MST3K Reboot

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10 So-Bad-They’re-Good Flicks the Mystery Science Theater 3000 Reboot Crew Should Riff

These Z-grade flicks are ripe for the riffin'.

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Photo Credit: Shout! Factory

Never question the dedication of a diehard Mystery Science Theater 3000 fan, because thanks to nearly 50,000 of them and a hugely successful Kickstarter campaign, the world is getting more bad-movie-riffing aboard the Satellite of Love. Surpassing the Veronica Mars movie for the largest crowd-funded video project in online history, the “Bring Back MST3K” campaign ended with over $6 million in funds to produce a new 14-episode season plus a Christmas special — all for a show that’s been off the air for a decade-and-a-half that began nearly 30 years ago.

For the grand resurrection, comedian Jonah Ray of The Nerdist podcast and The Meltdown with Jonah and Kumail is taking over hosting duties with Felicia Day, Patton Oswalt, and a slew of big-name writers and cameos also on board. As such, the show aims to be a higher profile affair while staying true to its cowtown Midwestern roots.

But what of the most important element of all: the films themselves? The original MST3K run gave us memorable titles like Prince of Space and Attack of the Giant Leeches as well as powerful characters like Trumpy, Rowsdower, and of course, Torgo. Who will be our next Big McLargeHuge?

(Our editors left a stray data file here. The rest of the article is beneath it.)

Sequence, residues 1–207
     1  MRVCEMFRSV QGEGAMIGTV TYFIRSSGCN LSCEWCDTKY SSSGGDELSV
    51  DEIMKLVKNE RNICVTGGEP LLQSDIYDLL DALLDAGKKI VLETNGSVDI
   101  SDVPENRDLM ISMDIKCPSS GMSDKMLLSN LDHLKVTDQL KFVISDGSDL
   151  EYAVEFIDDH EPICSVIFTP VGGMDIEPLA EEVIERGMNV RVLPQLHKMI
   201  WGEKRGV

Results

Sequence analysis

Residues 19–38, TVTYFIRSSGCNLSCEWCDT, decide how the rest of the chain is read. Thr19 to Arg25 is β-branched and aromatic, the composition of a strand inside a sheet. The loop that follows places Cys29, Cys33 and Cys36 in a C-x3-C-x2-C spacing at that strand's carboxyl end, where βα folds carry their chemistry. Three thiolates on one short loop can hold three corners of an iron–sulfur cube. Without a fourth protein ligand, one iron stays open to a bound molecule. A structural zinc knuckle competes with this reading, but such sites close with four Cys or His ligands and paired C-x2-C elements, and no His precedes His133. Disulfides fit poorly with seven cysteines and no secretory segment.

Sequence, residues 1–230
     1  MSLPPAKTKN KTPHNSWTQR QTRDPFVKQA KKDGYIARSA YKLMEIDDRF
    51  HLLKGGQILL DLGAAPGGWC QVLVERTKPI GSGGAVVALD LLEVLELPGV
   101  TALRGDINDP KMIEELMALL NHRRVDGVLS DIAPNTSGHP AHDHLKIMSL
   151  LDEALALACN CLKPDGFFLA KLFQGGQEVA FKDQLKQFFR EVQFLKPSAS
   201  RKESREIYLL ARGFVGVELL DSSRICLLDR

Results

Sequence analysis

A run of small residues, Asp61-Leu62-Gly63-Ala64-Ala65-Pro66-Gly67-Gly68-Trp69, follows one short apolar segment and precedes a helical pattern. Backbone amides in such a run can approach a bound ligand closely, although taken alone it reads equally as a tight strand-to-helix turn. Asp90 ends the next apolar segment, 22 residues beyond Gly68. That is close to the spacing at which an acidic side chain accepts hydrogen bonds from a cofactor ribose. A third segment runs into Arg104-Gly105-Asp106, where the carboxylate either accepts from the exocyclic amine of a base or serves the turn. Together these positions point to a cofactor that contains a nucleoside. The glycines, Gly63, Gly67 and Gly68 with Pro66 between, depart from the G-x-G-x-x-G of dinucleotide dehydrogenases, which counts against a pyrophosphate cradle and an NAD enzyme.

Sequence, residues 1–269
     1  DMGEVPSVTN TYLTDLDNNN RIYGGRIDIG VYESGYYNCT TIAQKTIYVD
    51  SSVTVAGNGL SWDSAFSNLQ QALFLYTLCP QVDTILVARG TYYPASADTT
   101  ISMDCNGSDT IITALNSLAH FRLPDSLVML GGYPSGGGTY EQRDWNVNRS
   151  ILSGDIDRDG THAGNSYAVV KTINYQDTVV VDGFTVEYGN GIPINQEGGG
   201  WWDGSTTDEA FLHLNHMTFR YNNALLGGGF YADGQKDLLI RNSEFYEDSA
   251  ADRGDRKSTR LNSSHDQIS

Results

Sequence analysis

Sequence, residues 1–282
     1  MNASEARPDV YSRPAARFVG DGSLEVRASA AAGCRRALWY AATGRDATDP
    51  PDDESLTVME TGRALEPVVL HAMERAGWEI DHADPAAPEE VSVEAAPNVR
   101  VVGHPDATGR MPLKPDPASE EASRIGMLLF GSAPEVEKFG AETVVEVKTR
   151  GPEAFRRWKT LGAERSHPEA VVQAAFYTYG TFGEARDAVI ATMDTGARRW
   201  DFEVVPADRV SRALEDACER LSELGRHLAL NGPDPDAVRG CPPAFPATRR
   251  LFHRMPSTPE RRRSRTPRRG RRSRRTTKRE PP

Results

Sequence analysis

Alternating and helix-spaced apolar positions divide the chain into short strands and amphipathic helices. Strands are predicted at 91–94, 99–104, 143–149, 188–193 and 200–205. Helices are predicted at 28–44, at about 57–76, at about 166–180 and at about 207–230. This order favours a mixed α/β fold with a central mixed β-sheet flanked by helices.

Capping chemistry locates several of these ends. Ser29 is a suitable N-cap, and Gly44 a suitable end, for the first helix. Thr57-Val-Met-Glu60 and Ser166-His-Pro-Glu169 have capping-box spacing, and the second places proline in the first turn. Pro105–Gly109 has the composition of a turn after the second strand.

Here are 10 potential flicks the MST3K folks should consider for their upcoming reboot. What do you think, sirs?

1. The Manster (1959)

A shaky portmanteau at best, Manster could slide right into the MST3K archives alongside classics like Bride of the Monster and The Amazing Colossal Man. Featuring a Japanese mad scientist who grows a second head on an American reporter’s body — a nifty effect that director Sam Raimi referenced in Army of Darkness — this has the makings of another ’50s drive-in howler.


2. Chopping Mall (1986)

There’s not much ambiguity in an evocative title like Chopping Mall, and the goofy ’80s sex romp tone should remind fans of the puppety groan-fest Hobgoblins. Mall security robots resembling Short Circuit‘s Johnny Five go full SkyNet and stalk teens amongst the Chess Kings and Orange Juliuses. Character actor Dick Miller and references to “robot blood” ought to keep the entertainment factor very high.